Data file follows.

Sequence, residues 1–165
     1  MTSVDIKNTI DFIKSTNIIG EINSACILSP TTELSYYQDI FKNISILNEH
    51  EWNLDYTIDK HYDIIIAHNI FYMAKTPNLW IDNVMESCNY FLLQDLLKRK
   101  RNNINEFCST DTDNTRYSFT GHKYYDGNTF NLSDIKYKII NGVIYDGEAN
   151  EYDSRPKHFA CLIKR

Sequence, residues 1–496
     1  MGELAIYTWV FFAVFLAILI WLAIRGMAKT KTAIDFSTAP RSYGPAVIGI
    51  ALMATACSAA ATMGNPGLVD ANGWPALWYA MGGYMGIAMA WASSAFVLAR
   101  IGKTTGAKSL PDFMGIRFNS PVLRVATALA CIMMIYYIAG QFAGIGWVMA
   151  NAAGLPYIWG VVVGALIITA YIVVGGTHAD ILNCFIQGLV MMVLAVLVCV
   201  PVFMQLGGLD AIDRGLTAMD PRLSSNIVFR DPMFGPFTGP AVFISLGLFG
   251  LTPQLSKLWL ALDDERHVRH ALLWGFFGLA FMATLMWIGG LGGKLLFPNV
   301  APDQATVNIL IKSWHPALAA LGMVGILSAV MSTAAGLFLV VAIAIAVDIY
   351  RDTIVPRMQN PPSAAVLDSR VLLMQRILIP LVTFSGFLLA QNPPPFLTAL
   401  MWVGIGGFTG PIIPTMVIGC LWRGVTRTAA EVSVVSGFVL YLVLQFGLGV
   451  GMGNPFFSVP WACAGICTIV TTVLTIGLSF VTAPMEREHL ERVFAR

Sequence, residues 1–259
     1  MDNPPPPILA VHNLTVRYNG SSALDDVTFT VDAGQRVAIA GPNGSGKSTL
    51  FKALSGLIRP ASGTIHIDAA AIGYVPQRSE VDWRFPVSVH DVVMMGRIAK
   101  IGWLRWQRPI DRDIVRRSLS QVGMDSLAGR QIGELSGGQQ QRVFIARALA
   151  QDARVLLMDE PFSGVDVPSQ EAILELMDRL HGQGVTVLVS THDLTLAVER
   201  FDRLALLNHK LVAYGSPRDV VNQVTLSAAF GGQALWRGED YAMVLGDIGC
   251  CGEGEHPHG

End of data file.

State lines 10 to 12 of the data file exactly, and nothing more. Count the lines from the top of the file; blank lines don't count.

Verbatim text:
   151  NAAGLPYIWG VVVGALIITA YIVVGGTHAD ILNCFIQGLV MMVLAVLVCV
   201  PVFMQLGGLD AIDRGLTAMD PRLSSNIVFR DPMFGPFTGP AVFISLGLFG
   251  LTPQLSKLWL ALDDERHVRH ALLWGFFGLA FMATLMWIGG LGGKLLFPNV